How to Recover Data From a Dead Hard Drive

By Ty Arthur

  • Overview

    Experiencing a hard-drive failure can be a catastrophically bad event if you have important documents on your computers such as financial information, family phone numbers or work projects with impending deadlines. Depending on what caused the failure, it is possible to recover some of your lost data with relatively little work.
    How to Recover Data From a Dead Hard Drive
    • Step 1

      Turn off your computer and remove all of the cables connected to outlets or any of your peripheral devices such as a monitor, keyboard, mouse or printer.
    • Step 2

      Use a specially sized computer screwdriver to remove any screws holding your case together and pull the side or back panel off so that you can access the internal components.


    • Step 3

      Disconnect the hard drive from your computer's motherboard and remove it from the case. Inspect the hard drive for any obviously broken pieces and then try gently shaking it side to side and listen for any rattling noise that will indicate a broken part.
    • Step 4

      Connect the hard drive to a different computer and try booting it up to ensure that the problem isn't with your motherboard, processor or internal cables.
    • Step 5

      Obtain a secondary hard drive and install it in your computer as the "master" drive. Take your old hard drive and connect it to the new one as a "slave" drive. Put your case back together and reconnect all of your cables.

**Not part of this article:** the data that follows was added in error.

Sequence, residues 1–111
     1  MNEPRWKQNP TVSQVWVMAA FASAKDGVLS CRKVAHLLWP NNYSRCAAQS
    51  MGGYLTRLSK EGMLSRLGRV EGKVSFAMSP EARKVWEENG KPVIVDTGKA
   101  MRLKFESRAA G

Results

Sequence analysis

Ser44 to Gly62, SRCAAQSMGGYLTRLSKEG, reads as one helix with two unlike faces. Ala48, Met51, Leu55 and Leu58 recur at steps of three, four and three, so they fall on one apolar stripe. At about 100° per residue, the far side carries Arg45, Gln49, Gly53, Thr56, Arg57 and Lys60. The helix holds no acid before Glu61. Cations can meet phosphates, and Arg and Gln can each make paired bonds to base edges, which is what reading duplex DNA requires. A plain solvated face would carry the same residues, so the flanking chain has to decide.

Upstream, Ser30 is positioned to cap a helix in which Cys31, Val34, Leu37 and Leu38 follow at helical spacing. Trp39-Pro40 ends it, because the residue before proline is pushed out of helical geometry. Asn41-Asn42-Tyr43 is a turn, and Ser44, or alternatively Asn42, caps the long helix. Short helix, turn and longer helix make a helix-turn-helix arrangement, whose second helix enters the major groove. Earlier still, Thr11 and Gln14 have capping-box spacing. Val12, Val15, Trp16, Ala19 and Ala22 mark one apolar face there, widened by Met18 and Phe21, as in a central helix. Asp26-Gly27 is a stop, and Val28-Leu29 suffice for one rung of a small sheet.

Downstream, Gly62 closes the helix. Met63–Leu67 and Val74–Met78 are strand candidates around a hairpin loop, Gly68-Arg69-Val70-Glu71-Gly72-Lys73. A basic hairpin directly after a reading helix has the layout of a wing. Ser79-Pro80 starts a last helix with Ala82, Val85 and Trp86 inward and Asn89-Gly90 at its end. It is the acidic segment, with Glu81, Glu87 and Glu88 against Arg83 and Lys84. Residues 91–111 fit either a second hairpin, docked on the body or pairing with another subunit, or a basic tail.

• Step 6

      Purchase or download a data recovery software program such as "Recover My Files" or "Stellar Data Recovery." Run the program and follow its prompts to designate which hard drive is the new one and which is the old one. The program will then copy any data that hasn't been completely corrupted from your dead drive to your new hard drive.
    • Skill: Moderate
    • Ingredients:
    • Screwdriver
    • New hard drive
    • Data recovery software
    • Tip: In some instances you can get a dead hard drive to work long enough to back up important files by putting it in a Ziploc bag, placing it in a freezer overnight, and then hooking it back up to your computer. If the hard drive failed due to overheating or if heat caused any of the parts to pop out of their correct position, it may then work again until it returns to its normal operating temperature.
    • Warning:
    • If your hard drive has a visible broken part, you will need to take it to a professional computer repair store or send it back to the manufacturer to see if it can retrieve any of the lost data.

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